I was listening to a part of a piece solo while EQing it. I had the sound’s waveform displayed in the EQ so I could see where its primary frequencies were happening and not happening, and my goal was to accentuate these frequencies and reduce (shelve) the less important ones at the margins. The part was a pad-type sound whose main tones were happening in the middle of the spectrum, so it was quick work to shelve the spectrums’ lower and higher ends, the idea being that (1) the listener won’t notice not hearing them because they were so quiet to begin with, and (2) shelving these frequencies frees up space for other sounds—like a bass in the low range, or a cymbal in the highs. That’s the time-honored mixing idea, anyway: to make space for every sound to have its individual frequency “slot” in the mix.
But there are exceptions. Say you have a field recording of a thunderstorm that you want to incorporate into your music. If you looked at that recording on a spectrogram you would notice a broad range of frequencies—from the sub-bass of the thunder to the treble drone of the rain and wind. You might not want to cut out the lows or the highs of the recording because doing so you would alter the audio’s sense of depth and realism. A compromise is to reduce the mid-range frequencies a bit. Your EQ’d recording would still sound like a thunderstorm, but now it has made space for say, that pad sound of mostly mid-range frequencies that can sit undisturbed the middle.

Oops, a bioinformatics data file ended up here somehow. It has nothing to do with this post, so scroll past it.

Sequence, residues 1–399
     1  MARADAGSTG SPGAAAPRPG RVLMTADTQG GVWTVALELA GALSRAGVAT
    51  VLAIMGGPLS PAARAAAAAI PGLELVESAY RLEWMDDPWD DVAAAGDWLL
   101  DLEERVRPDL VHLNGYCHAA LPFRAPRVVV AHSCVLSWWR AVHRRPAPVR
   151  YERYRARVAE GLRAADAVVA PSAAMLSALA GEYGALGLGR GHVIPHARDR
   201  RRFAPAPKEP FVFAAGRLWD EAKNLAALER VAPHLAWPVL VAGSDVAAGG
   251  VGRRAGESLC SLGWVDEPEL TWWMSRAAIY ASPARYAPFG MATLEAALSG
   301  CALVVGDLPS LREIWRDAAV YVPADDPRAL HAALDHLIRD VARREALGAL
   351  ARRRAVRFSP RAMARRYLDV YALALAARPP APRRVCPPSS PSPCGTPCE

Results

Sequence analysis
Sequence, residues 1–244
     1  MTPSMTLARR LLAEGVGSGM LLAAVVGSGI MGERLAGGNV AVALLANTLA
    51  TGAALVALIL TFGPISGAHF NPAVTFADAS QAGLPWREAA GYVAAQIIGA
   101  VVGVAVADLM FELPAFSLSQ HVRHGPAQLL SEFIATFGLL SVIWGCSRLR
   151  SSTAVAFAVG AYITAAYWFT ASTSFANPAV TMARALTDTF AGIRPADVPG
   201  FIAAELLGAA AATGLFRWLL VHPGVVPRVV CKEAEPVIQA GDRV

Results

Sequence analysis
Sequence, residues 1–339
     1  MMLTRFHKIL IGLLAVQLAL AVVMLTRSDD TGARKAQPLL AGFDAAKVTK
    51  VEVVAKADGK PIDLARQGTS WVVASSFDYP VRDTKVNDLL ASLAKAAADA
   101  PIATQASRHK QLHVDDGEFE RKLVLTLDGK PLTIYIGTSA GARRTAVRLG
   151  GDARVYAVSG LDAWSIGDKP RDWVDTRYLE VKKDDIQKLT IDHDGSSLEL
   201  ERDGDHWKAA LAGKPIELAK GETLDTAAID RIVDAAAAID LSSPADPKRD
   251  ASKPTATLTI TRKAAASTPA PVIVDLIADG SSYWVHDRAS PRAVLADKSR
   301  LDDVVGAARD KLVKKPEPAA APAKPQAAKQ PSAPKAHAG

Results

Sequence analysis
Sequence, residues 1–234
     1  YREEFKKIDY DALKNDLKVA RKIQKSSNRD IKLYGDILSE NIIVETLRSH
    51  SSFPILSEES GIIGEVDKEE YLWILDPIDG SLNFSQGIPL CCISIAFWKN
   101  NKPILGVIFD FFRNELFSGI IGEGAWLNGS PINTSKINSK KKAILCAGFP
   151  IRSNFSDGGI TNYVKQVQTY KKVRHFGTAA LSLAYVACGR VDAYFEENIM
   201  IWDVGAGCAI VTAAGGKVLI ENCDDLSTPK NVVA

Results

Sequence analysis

All this is a digression from what I wanted to say, which is that while I was listening to a part of a piece solo while EQing it I wondered why the part couldn’t be an actual solo:
Why is there so much tutti ensemble, all-parts-playing-at-once in this music,
and so little one-part-at-a-time playing?
As I moved along to other parts in the piece to EQ them, I had a similar thought as I solo’ed them to listen:
Wow, this sounds nice on its own.
Why is it always half-hidden among the other sounds?
It occurred to me that because each of the parts is designed to play well with the others, each part is, potentially at least, interesting enough to stand on its own and to be heard alone. Yet I hadn’t let any of the parts do that. I was so preoccupied with solving the music’s grand, puzzle-like qualities by fitting each sound with the others that I sometimes overlooked the sound of the individual voices and, most importantly, forgot that
no one was taking a solo.
In sum, soloing parts to EQ them reminds us that there may be places in the track where the tutti ensemble texture could be pared back. Sometimes the best way to make space in the mix for every sound is to let the music’s individual lines sing.